The texture in Figure 6 does not fit with either of these definitions for heterophony. The three lines have different contours and they cannot be seen as modifications of each other, or of a single line. The pitch collections for these lines are also not identical, although they sometimes converge, but each of them also contributes with particular pitches to the overall pitch network, which pitches do not feature in the other lines. Thus the texture in Figure 6 fits better with Boulez’s definition for polyphony. Even more polyphonic are some instances of this texture in my Three Songs on Poems by Dora Gabe for Violin and Soprano (discussed in Chapter 4). I term this kind of texture morphing polyphony. It is a particular kind of linear, non-contrapuntal polyphony - the verticals are not considered punctus contra punctus, the voices are unique and independent, and are also not simultaneous variations of a single line, as in heterophony. At the same time that is also not the traditional atonal linear polyphony technique from the twentieth century. The harmony of this texture is controlled horizontally through the background morphing modal network, and its interaction with the foreground texture within the framework of morphing modality. (Refer back to Scheme 1 (click here) and substitute ‘monophonic’ with ‘polyphonic’.)
On the other hand, comparing the texture in Figure 6 with its varied instance in Figure 15, we will find that the latter is still not fitting to the first of Boulez’s definitions for heterophony, as the lines are again not simultaneous variations of a single line, but it may be however fitting with his second definition. When this kind of texture is particularly dense it becomes inevitable that the lines share a significant number of common pitches, as the possible number of pitches in each moment is limited to those in the background morphomodal network (which does not usually exceed eight pitches per octave at once, in my method generally).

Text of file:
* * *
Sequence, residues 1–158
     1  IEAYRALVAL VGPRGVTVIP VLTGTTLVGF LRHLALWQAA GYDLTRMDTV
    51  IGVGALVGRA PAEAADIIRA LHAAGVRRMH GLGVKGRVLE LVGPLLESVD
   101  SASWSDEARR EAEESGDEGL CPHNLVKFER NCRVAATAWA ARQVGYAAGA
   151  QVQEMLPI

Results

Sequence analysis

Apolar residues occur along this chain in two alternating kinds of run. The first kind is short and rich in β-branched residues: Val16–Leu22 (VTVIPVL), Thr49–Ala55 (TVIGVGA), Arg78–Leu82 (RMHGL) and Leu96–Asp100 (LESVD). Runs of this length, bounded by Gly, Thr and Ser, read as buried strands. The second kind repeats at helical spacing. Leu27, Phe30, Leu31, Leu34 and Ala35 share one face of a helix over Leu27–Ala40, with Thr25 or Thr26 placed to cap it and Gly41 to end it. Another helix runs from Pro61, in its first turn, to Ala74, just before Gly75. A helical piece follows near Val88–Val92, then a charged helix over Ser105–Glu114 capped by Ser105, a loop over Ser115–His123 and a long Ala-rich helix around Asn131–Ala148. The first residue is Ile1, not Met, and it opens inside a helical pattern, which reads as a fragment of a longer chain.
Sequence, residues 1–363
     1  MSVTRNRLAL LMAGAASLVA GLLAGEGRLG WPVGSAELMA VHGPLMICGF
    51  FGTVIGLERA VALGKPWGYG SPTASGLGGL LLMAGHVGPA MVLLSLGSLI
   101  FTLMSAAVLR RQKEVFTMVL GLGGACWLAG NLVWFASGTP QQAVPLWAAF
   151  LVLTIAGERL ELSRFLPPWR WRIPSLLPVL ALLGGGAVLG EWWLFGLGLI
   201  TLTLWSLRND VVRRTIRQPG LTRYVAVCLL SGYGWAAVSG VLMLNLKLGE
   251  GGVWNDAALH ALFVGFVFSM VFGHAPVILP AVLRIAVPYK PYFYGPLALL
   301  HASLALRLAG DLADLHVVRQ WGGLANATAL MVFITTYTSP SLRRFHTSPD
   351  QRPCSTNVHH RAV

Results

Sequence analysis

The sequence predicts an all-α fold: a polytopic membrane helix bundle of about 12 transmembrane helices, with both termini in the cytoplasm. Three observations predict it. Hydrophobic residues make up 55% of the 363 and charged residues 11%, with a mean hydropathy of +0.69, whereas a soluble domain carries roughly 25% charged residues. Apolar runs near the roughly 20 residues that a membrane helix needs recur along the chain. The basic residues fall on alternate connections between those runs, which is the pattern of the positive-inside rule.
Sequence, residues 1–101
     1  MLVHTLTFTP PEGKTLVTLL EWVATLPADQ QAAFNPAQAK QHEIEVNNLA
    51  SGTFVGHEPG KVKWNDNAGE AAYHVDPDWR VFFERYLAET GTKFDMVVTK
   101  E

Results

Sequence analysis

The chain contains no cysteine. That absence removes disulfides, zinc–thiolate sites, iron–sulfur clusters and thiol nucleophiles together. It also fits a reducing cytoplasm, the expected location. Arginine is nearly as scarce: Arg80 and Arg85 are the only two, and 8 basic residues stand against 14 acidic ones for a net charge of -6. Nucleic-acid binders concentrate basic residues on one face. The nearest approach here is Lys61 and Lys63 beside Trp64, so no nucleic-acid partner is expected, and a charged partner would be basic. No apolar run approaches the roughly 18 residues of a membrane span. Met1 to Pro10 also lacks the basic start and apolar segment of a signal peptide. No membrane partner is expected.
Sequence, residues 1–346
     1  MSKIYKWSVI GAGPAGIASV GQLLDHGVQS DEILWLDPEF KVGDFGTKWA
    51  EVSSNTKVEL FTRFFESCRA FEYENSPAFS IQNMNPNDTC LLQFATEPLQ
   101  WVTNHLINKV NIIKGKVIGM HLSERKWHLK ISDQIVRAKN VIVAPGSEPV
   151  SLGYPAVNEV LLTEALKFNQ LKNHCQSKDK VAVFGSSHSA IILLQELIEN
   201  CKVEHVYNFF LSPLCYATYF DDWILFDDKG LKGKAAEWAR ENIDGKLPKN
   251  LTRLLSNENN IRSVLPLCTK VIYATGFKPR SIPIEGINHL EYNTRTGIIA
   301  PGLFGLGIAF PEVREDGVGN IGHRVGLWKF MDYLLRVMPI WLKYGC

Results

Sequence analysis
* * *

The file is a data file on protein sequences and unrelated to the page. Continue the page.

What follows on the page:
Thus, that kind of texture morphs between heterophony (when it is denser) and polyphony (when it is sparser). Within this continuum there is a great amount of intermediary stages for exploration.
Furthermore: monophony, homophony, polyphony and heterophony could be placed at the ends of a multidimensional continuum, and all the intermediary stages between them explored in the general process of morphing. Much of the textures that I use could be seen as instances of intermediary stages/morphs, and a few particularly curious instances are: The Mirror: b.1036 to end (Example 10), bb.650-670 (Figure 18); The Sacred Flight: fig.F-J (Figure 8); A Seasong: bb.44-54 (Example 4); String Quartet: bb.35-40 (Example 17).